BakBone SoftwareT (TSX:BKB, OTCBB: BKBOF) today released information about the company's performance in 2004 and outlook for 2005 in Europe, Middle East and Africa (EMEA). As a result of healthy, consistent customer demand and a strong product portfolio, BakBone gained over 1,800 new global customers in the second half of 2004, including Shell Oil, Trinity Mirror Group, Tupperware, Ricoh Germany, Hannover Leasing, and Brighton University in Europe. This has resulted in the Company enjoying an excellent cash position with over 10 million on its balance sheet as of the end of last year.
BakBone's customers have deployed a number of different environments, and this is reflected in an Operating Systems (OS) breakdown of Microsoft 55-60%; Linux 30-35%; and Unix 5-10%, with the balance made up of other OSs. With its announcement of support for Novell's SUSE Linux Enterprise Server 9, BakBone continues to embrace a first-to-market approach to OS and platform support. Today, NetVault supports more Linux distributions and architectures (x86, Opteron x86-64 extended systems, IBM Power PC4 and OpenPower) than any of its competition.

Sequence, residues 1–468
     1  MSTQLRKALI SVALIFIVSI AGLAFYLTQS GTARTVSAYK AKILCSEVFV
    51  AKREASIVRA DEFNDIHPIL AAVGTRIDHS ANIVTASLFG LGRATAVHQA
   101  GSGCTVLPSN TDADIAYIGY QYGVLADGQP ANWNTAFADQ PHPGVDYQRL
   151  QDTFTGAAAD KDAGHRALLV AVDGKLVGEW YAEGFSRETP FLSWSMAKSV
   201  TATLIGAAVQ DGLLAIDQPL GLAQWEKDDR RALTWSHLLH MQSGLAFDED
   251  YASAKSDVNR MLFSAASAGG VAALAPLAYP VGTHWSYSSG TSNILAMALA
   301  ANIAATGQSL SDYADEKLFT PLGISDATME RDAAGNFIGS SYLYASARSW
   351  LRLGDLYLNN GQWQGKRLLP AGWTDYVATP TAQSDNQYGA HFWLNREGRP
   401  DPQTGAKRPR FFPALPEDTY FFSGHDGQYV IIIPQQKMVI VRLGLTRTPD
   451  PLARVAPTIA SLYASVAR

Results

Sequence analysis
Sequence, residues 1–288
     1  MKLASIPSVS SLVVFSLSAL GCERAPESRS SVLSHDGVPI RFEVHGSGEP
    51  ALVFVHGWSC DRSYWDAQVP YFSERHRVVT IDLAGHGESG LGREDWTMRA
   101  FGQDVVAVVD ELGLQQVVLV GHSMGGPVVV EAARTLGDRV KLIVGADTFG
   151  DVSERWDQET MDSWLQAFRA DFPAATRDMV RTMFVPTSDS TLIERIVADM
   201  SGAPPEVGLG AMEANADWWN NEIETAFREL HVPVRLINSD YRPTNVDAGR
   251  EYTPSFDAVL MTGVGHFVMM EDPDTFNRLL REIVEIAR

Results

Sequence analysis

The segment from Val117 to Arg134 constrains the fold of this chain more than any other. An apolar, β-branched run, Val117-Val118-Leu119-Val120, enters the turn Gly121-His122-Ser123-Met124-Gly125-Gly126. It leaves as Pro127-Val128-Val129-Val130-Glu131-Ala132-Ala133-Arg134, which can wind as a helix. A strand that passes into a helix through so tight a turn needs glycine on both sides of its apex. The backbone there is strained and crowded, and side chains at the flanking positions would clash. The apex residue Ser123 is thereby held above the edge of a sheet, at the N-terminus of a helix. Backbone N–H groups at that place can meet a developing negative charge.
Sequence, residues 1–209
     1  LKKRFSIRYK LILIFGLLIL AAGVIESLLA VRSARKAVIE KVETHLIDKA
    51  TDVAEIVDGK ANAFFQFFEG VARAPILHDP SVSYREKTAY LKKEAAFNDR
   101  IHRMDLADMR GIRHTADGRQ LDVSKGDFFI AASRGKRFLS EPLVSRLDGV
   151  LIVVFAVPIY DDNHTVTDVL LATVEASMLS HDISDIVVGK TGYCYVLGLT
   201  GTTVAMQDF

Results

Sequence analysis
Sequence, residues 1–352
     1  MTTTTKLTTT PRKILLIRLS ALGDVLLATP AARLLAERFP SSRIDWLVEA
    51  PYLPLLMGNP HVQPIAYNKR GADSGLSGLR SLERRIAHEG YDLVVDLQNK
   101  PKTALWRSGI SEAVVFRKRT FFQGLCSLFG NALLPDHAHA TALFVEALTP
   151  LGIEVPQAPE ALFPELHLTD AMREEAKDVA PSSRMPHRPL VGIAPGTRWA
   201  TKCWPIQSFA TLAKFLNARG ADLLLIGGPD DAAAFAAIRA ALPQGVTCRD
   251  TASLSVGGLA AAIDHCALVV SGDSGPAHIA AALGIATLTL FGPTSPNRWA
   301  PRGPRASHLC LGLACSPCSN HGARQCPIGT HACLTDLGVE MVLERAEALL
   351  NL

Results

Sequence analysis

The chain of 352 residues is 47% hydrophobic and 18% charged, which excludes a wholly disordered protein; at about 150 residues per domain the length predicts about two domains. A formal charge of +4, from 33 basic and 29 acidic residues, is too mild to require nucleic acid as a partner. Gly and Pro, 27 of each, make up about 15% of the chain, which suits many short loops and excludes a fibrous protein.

Further factors are behind BakBone's success, including a satisfied and loyal customer base that lead to repeat customer purchases rising from 10 % in 2003 to 25 % in 2004 (in the United States in particular, the majority of all transactions consisted of Veritas replacements), and a distribution agreement with Four Leaf Technologies, one of the leading storage distributors in Denmark, Sweden, Norway and Finland.
'Storage software is one of the strongest segments within the storage networking market. Forecast to grow at 28% this year, this is being driven by the need to automate processes and secure data" said Hamish Macarthur, Founder and CEO at analyst house Macarthur Stroud International.
'Recent legislation and events have lead more and more organisations to look into Disaster Recovery as well as Back Up and Restore solutions,' said Sean Jackson, Marketing Director EMEA at BakBone Software. 'Today's datacentres are complex environments where hardware and software from different vendors often run on different operating systems. IT administrators are demanding solutions they can deploy across the entire board to minimise management time and reallocate efforts to other areas.'